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Reflections on Anzac Day 2016

As we approach the 101st anniversary of the landings at Gallipoli it is interesting to look back at how the news of the first Australian campaign of the First World War was received in the Port and how they commemorated the first Anzac Day in 1916.

The First Casualties

In the weeks and months that followed 25 April 1915, as the authorities posted lists of Australian casualties, the people of Port Melbourne learnt of sons, brothers and friends who had been wounded or killed in Turkey.

Captain Fred Wilson, son of a train driver from Princes Street was killed in action at Gallipoli.1

Private Hugh Hogan, a popular member of the local swimming club, who worked at the Dunlop Rubber Company2 died of the wounds he received on 30 April 1915.3

Lieutenant Alex Howlett, a former teacher at the Graham Street school and footballer with Port was reported wounded.4

Another Port footballer, Private ‘Jock’ Menzies was also wounded. As a boy, ‘Jock’ had attended both Graham Street and Nott Street schools.5

Private Edmund Freame, son of an engine driver from Rouse Street and nephew of local butcher Frank Freame was included on the twenty-fourth list of casualties issued by the Department of Defence.6

Private William Miller, whose brother ran a tobacconist and hairdresser in Bay Street, was among the wounded and was evacuated to a hospital in Malta.7

Many more were to follow.

Church Services

The impact on the psyche of Australia in general and Port Melbourne was evident within days of the landings. On Sunday 9 May 1915, sympathy for the bereaved relatives of those soldiers who had fallen and wishes for a speedy recovery of the wounded were expressed at church services around Port.8

At the Presbyterian Church in Bridge Street on that Sunday morning, Rev J Dunlop Landels said “… the action of the Australians at the Dardanelles had brought us closer in touch with the realities of war.9 Later stating “By their sacrifice the fallen had made Gallipoli a shrine that Australians would visit through all the ages”.10

At Holy Trinity in Bay Street that evening, Rev W McKie paid homage to the troops. “The landing by the Australians at the Dardanelles would rank on the roll of honor [sic] with the Empire’s greatest deeds. Their action had surprised the world, and caused great chagrin to the enemy.11

The significance of the events of late April 1915 were not lost on these reverend gentlemen.

First Hand Reports

By July 1915 first hand reports by Port men at Gallipoli were reported in the Standard newspaper.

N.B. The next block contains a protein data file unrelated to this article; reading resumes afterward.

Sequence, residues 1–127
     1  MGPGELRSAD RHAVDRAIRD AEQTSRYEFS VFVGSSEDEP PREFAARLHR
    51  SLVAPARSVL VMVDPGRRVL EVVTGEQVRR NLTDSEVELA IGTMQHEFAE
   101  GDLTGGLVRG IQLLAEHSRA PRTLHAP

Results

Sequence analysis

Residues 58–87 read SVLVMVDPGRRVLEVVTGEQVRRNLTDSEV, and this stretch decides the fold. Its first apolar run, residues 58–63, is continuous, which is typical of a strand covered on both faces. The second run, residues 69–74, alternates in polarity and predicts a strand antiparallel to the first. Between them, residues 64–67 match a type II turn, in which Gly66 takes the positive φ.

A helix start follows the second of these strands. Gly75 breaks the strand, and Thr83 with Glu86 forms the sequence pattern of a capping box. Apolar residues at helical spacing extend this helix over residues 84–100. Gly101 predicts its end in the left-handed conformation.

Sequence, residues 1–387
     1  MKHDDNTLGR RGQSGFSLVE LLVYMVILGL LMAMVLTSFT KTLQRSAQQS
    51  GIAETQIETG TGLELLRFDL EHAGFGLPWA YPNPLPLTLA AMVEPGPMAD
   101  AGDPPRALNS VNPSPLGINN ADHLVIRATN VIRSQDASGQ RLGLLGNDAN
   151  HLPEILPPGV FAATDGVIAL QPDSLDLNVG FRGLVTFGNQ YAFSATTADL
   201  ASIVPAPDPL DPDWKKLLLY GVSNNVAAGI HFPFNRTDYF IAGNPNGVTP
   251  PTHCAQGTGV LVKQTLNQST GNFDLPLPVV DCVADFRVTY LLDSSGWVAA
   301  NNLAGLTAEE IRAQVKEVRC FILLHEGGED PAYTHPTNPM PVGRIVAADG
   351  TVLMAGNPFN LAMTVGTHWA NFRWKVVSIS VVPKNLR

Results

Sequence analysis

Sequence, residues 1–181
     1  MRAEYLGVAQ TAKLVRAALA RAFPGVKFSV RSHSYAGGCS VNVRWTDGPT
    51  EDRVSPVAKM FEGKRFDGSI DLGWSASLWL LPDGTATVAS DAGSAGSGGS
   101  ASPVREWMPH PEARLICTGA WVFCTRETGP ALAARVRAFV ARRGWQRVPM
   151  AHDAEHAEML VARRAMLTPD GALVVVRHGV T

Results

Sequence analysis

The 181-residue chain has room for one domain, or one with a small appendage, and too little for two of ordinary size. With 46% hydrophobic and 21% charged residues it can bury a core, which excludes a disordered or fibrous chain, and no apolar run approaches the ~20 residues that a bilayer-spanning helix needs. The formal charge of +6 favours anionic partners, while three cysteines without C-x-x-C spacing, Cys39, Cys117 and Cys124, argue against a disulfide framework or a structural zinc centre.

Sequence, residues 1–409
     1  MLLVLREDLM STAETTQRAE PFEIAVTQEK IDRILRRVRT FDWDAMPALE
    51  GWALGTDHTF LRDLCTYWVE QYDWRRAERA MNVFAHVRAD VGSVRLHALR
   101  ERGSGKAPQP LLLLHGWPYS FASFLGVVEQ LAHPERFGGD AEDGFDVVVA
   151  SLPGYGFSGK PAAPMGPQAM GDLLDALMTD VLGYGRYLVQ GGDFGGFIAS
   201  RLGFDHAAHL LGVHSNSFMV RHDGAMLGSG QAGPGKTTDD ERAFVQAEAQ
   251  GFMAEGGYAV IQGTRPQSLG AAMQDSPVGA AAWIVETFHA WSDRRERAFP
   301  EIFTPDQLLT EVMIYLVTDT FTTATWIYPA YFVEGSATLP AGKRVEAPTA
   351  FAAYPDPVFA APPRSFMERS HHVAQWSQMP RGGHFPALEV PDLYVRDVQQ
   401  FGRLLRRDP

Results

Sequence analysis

Private William Miller, mentioned among those first casualties, wrote to his parents from the military hospital at Valleta in Malta.

“Our platoon was the first of the Victorians to land and they gave us up the banks, too. We were very lucky to land at all. All our officers were wounded and we were left to get on as best we could. After I was wounded I had to hop all the way down the hill to the beach. There was a sniper popping at me, I do not give him much credit for his shooting. He was landing bullets all round, but could not hit me.”12

Private Arthur Davenport, another Port man wounded in the early days of fighting also convalescing in Malta wrote to his wife.

“When we landed at Gallipoli the Turks had machine guns and shrapnel on us in the pontoons from the shore, and we had to jump into the water up to our waists and wade ashore, all the time under fire. A lot of poor chaps lost their lives before they could get ashore … It was all hills where we did land and the Turks had us at their mercy. We drove them back and we got into their trenches. That was on Sunday, and all Sunday night they tried to retake the trenches. They would come within 20 yards of our trench, and then we would get out with the bayonet. They cannot stand the bayonet, so they fled. On the Monday we had to advance, it was a day of fire. How I got through I cannot tell. From Sunday till the Thursday we were in the trenches, and then we were relieved. After two day’s respite we were back again plugging away once more.”13

No one in Port Melbourne would have been under any illusions what it was like on the front line.

School Anzac Activities 1916

Anzac Day 1916 fell on the Tuesday following the holy days of Easter. Since the school were on a break both Nott Street and Graham Street schools commemorated Anzac Day on Thursday, 20 April.14

Anzacs, Colonel McNicol DSO who had, at one time, been the headmaster of both Port Melbourne State schools, and a former teacher Sergeant Stedge attended the activities at Nott Street. Sergeant R Tracy, who had served in France and Chief Naval Gunner Lewis also represented those serving. Rev J Dunlop Landels delivered an address as did Mr J Matthews MHR, Cr J P Crichton from the School Committee and Mr Richards, headmaster.15

More is known about the events at Graham Street. One of the pupils, Charles Sharp, wrote a report for the Standard.16

Former teacher, Lieutenant Alex Howlett (identified as Sgt-Major in the article), one of the wounded at Gallipoli, lunched with the staff and then took charge of grades seven and eight.